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Hornbook. This hornbook shows on one side the design of an eagle with outstretched wings. The hornbook made its first appearance around the middle of the 1400s, and rapidly became a popular teaching and instructional aid for children. The 'book' is actually a parchment or paper fixed to a thin wooden or ivory board with a short handle. The information is presented in a formulaic fashion, starting with the alphabet, nine digits, the Lord's prayer and sometimes a syllabary, a list of characters representing syllables. The text is protected by a thin translucent sheet of horn, which is held in place by a frame of riveted copper strips. The back of the board is often decorated.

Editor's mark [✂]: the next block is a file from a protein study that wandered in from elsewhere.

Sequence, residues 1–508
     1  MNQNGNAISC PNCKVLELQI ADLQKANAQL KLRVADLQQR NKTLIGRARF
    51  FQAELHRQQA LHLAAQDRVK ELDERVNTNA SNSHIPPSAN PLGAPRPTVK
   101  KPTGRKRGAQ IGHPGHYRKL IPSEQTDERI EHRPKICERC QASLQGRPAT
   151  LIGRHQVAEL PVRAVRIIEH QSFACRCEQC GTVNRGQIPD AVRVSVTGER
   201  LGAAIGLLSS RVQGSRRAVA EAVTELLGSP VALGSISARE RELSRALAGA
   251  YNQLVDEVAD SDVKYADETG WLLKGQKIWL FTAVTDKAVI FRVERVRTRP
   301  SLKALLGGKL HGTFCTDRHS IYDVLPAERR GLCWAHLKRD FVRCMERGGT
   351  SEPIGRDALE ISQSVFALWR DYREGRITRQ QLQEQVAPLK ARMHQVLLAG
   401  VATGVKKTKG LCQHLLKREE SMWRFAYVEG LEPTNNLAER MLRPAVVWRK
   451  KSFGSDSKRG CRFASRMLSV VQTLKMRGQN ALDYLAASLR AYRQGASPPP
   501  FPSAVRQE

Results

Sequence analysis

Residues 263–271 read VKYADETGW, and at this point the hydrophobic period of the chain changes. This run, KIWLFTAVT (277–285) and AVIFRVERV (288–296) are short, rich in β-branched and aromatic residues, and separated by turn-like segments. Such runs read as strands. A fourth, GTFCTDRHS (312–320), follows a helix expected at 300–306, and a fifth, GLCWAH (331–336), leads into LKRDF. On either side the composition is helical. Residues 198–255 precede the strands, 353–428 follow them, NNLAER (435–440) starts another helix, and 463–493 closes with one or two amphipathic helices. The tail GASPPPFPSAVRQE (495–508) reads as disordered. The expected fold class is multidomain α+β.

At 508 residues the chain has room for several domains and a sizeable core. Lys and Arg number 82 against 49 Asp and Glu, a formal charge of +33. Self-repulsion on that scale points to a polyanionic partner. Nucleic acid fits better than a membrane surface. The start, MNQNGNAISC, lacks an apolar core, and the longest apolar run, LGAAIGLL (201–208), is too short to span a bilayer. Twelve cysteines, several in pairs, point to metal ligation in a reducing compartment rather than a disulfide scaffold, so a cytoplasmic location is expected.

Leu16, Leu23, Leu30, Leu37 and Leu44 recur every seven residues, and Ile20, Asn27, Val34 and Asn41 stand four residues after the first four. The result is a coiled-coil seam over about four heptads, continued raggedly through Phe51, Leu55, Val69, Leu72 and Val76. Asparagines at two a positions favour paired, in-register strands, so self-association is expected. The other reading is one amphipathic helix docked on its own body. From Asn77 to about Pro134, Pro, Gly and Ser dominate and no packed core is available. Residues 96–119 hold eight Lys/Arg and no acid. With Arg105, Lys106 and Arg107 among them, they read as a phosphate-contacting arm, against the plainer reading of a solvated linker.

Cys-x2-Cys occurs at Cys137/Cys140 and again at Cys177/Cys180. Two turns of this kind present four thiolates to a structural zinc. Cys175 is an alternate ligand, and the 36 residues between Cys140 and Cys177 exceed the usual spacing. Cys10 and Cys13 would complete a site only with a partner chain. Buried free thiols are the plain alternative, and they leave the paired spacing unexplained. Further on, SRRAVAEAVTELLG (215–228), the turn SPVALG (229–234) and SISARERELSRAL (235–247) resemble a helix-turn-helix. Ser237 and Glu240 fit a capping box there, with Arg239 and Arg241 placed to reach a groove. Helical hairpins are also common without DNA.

© Museum of London